Results 1  10
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118
A theory of timed automata
, 1999
"... Model checking is emerging as a practical tool for automated debugging of complex reactive systems such as embedded controllers and network protocols (see [23] for a survey). Traditional techniques for model checking do not admit an explicit modeling of time, and are thus, unsuitable for analysis of ..."
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Cited by 2651 (32 self)
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Model checking is emerging as a practical tool for automated debugging of complex reactive systems such as embedded controllers and network protocols (see [23] for a survey). Traditional techniques for model checking do not admit an explicit modeling of time, and are thus, unsuitable for analysis of realtime systems whose correctness depends on relative magnitudes of different delays. Consequently, timed automata [7] were introduced as a formal notation to model the behavior of realtime systems. Its definition provides a simple way to annotate statetransition graphs with timing constraints using finitely many realvalued clock variables. Automated analysis of timed automata relies on the construction of a finite quotient of the infinite space of clock valuations. Over the years, the formalism has been extensively studied leading to many results establishing connections to circuits and logic, and much progress has been made in developing verification algorithms, heuristics, and tools. This paper provides a survey of the theory of timed automata, and their role in specification and verification of realtime systems.
Timed automata: Semantics, algorithms and tools
 Lectures on Concurrency and Petri Nets: Advances in Petri Nets, number 3098 in LNCS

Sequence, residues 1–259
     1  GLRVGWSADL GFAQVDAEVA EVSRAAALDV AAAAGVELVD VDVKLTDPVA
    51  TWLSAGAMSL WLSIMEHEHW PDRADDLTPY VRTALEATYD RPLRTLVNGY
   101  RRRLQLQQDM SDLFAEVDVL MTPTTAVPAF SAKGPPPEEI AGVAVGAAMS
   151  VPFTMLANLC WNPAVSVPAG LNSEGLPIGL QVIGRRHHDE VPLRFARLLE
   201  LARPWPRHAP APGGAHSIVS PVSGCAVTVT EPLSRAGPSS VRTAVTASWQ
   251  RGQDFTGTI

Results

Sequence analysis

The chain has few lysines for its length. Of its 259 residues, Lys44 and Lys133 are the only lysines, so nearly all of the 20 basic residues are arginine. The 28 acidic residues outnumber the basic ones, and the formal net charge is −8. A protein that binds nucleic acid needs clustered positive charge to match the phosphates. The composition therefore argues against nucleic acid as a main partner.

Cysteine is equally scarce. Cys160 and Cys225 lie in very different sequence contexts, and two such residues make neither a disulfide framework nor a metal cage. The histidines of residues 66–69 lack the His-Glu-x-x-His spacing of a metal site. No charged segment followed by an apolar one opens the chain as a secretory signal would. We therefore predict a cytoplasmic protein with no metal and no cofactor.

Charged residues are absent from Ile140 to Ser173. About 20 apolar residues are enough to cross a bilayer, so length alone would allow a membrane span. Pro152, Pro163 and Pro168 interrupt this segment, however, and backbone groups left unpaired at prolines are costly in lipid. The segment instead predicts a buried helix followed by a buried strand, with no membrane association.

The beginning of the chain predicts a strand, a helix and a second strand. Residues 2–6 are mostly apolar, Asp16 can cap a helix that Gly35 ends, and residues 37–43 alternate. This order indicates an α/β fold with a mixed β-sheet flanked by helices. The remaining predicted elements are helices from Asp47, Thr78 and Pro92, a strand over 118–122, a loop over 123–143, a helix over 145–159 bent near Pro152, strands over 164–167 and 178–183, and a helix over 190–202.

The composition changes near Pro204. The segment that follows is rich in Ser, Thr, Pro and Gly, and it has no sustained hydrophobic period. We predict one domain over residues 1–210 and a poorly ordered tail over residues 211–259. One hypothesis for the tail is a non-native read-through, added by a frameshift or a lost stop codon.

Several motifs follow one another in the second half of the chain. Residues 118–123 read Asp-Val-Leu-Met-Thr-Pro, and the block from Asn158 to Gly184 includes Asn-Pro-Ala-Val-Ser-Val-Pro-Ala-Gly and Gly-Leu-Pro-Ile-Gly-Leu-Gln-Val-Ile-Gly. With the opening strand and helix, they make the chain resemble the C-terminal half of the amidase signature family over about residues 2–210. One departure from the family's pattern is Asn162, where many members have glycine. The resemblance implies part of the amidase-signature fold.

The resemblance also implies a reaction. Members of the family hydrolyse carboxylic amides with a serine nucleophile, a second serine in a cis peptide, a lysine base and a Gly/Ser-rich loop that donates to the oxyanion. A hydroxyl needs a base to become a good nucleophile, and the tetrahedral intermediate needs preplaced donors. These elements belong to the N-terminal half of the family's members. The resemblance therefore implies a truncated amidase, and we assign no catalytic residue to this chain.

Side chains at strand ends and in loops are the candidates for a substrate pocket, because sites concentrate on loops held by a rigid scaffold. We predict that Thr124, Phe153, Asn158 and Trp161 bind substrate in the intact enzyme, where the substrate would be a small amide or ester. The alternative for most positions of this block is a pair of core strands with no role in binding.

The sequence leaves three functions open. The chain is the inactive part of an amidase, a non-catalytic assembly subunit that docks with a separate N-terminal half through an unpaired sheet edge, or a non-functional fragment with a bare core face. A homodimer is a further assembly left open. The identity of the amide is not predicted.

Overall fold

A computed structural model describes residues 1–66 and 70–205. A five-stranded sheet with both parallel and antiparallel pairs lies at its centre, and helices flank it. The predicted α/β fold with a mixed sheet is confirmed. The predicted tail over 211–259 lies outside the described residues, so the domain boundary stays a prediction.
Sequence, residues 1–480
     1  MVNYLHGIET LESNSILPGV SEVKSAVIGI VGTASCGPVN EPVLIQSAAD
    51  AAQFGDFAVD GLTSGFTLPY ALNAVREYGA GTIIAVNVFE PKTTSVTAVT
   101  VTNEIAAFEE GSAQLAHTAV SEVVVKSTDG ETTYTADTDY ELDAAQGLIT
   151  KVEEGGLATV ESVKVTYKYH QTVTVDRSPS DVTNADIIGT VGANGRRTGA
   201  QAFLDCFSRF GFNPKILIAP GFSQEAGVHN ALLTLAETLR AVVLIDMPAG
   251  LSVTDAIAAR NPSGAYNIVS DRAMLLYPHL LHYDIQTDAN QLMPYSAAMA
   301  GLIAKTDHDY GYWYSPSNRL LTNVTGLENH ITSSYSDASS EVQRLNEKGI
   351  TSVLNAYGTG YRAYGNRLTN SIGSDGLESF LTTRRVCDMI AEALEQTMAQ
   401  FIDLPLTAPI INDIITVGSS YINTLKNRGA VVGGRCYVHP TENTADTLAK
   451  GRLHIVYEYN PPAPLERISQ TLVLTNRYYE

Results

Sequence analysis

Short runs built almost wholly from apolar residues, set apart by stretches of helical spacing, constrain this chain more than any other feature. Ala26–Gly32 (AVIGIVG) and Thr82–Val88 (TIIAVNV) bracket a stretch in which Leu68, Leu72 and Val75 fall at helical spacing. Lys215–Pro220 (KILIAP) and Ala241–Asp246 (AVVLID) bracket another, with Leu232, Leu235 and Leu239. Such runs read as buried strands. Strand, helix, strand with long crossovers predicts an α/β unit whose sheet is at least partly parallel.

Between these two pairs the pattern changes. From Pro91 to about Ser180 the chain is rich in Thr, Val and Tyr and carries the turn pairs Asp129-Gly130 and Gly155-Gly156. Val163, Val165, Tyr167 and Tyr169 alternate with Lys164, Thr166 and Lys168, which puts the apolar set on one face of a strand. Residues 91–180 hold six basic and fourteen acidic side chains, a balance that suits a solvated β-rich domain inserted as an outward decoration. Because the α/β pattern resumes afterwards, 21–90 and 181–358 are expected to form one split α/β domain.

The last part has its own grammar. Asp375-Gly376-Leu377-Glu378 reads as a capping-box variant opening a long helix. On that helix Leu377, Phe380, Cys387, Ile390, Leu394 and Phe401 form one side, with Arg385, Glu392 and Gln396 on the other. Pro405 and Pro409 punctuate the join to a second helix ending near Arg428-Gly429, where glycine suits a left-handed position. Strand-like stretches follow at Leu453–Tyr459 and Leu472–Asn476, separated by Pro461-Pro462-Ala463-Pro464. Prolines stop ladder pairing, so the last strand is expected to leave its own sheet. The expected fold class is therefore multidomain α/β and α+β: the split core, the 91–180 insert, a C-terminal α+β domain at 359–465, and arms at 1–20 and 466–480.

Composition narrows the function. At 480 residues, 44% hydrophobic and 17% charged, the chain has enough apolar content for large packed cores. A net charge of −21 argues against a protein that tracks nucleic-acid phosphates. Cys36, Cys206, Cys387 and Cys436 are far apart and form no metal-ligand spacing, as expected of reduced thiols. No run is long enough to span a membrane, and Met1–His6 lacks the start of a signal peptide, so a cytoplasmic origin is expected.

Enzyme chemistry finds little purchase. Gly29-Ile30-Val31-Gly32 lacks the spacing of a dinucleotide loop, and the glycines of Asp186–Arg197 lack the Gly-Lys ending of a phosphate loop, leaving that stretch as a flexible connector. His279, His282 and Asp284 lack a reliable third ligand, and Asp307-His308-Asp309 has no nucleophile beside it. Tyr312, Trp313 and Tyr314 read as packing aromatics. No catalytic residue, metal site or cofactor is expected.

, 2004
"... Abstract. This chapter is to provide a tutorial and pointers to results and related work on timed automata with a focus on semantical and algorithmic aspects of verification tools. We present the concrete and abstract semantics of timed automata (based on transition rules, regions and zones), decisi ..."
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Cited by 171 (4 self)
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Abstract. This chapter is to provide a tutorial and pointers to results and related work on timed automata with a focus on semantical and algorithmic aspects of verification tools. We present the concrete and abstract semantics of timed automata (based on transition rules, regions and zones), decision problems, and algorithms for verification. A detailed description on DBM (Difference Bound Matrices) is included, which is the central data structure behind several verification tools for timed systems. As an example, we give a brief introduction to the tool UPPAAL. 1
Runtime verification for LTL and TLTL
, 2007
"... This paper studies runtime verification of properties expressed either in lineartime temporal logic (LTL) or timed lineartime temporal logic (TLTL). It classifies runtime verification in identifying its distinguishing features to model checking and testing, respectively. It introduces a threevalued ..."
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Cited by 69 (17 self)